The prosecution called three witnesses Wilson, Police ConstableSamarawickrema and Inspector Badurdeen. Wilson stated ttat hecomplained to the Inspector that the first accused refused to sell himred onions at the control price and the Inspector thereupon gave himRs. 45 in five 5-rupee and two 10-rupee currency notes after noting downtheir numbers and asked him to purchase a bag of onions. The Inspectorsent Samarawickrema in plain clothes to watch the transaction and givep. signal to him when the transaction was complete. Wilson went to theboutique as arranged and found the first and second accused and someothers. Wilson bought a bag of onions from the first accused forRs. 41.75 and tendered to him the seven, currency notes given by theInspector and received from the first accused the balance Rs. 3.25.The first accused placed three of the 5-rupee notes in a drawer andhanded the remaining four notes to the second accused who then left theboutique. Samarawickrema who witnessed the transaction from theroad corroborated Wilson. The Inspector came to the boutique onreceiving the signal and found the three 5-rupee notes in the drawer.He searched Wilson and did not find the remaining notes on him..Shortly afterwards the second accused returned to the boutique andthe Inspector searched him in, view of the information given to him byWilson and Samarawickrema but found none of the missing notes onhim. The first and second accused gave evidence. The first accusedstated that he sold the bag for Rs. 11.75 and Wilson gave him three5-rupee notes and received from him the balance Rs. 3.25. The secondaccused denied having received Rs. 30 from the first accused onthat day.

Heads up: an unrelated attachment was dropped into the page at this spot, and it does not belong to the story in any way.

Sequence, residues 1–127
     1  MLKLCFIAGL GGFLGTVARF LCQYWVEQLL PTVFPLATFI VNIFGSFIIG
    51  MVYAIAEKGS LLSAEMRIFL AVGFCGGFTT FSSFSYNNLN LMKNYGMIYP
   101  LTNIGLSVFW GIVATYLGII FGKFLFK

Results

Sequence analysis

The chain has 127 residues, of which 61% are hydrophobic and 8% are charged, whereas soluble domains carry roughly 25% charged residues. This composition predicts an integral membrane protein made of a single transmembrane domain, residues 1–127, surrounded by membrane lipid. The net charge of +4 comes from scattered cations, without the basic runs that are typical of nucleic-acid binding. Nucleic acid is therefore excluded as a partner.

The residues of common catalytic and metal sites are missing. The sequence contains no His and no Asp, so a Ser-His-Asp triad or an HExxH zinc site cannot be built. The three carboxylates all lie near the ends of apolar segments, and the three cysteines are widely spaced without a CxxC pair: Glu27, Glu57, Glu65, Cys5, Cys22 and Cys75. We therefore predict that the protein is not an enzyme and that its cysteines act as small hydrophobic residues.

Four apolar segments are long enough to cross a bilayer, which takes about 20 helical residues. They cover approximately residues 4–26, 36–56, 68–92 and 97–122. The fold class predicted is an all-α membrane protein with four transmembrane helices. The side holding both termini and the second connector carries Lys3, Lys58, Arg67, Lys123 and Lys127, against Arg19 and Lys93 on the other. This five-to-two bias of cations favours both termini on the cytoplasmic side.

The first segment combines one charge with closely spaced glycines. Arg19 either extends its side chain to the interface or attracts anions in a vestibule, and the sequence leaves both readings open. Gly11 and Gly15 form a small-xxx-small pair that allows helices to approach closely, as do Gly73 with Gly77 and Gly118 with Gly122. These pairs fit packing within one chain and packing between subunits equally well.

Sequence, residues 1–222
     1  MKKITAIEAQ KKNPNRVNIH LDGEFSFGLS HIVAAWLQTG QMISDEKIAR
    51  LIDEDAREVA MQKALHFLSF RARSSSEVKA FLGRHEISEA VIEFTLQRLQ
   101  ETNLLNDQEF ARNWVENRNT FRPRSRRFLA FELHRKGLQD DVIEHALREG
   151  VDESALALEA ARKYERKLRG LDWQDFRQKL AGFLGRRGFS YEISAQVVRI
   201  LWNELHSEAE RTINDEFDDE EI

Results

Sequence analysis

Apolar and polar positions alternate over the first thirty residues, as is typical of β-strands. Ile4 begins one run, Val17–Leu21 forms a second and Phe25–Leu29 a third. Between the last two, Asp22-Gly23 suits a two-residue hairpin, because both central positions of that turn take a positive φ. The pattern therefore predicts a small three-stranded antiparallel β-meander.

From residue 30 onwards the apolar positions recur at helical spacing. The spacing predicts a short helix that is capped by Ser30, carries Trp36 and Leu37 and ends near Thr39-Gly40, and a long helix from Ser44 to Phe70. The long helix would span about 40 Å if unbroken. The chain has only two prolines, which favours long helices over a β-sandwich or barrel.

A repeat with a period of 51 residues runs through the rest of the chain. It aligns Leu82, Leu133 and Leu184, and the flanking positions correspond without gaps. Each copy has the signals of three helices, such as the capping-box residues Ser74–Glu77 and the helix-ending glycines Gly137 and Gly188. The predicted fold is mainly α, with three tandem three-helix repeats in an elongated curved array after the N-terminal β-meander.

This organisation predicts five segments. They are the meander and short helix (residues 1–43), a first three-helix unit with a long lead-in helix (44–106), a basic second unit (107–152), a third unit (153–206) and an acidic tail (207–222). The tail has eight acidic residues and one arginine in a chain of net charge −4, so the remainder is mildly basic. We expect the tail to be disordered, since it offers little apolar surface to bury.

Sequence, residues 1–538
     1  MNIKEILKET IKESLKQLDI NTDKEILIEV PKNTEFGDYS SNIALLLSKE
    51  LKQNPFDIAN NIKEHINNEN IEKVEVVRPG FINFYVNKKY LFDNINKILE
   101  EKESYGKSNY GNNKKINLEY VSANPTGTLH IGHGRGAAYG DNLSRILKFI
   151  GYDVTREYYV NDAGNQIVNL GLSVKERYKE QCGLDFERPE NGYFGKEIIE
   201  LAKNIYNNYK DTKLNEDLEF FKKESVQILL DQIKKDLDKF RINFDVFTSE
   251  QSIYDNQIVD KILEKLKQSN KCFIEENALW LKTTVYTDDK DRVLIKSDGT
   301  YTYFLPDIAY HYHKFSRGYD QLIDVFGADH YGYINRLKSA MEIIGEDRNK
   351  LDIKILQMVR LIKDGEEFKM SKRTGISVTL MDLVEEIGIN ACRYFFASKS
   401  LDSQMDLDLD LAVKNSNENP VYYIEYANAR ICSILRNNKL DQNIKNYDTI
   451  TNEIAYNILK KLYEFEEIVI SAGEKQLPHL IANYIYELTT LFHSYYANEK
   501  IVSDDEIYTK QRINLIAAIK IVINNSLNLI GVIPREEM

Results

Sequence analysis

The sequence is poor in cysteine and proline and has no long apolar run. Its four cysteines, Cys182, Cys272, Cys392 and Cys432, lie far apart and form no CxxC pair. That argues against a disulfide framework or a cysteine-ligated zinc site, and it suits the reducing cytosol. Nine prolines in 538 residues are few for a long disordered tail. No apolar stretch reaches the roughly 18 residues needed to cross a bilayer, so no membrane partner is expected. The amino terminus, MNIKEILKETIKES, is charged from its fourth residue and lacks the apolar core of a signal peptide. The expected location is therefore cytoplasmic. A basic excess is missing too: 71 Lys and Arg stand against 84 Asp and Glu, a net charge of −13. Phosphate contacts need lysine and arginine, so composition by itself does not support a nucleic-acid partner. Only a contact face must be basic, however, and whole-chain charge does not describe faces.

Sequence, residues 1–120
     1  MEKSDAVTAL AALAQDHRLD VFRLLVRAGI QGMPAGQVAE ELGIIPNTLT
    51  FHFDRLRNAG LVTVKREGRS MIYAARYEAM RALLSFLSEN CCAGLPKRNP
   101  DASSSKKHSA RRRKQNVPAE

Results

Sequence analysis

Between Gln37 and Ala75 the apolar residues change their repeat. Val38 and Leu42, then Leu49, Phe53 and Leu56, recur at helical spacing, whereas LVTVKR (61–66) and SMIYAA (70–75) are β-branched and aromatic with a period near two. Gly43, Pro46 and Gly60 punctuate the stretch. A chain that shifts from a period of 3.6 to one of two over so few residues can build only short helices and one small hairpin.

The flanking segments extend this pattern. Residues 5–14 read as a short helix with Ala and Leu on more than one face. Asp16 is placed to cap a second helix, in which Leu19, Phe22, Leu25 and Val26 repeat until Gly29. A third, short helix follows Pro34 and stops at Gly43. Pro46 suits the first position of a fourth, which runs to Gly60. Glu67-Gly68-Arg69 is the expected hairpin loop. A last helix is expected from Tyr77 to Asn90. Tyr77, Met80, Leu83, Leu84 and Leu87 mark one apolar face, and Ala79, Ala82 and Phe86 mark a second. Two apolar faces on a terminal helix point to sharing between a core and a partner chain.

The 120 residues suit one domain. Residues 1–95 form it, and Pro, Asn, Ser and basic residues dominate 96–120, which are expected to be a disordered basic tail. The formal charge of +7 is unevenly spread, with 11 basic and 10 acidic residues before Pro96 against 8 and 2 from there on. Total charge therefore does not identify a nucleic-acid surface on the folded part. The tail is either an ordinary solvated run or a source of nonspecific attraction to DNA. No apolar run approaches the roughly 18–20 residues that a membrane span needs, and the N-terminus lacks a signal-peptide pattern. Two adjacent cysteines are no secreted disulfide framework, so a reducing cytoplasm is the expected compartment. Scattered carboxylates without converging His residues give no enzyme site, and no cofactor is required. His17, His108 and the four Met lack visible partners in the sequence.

The provision which makes it an offence to sell an article above thecontrolled price is section 5 (1) of the Control of Prices Ordinance, No. 39of 1939, as amended by the Defence Regulations. It reads—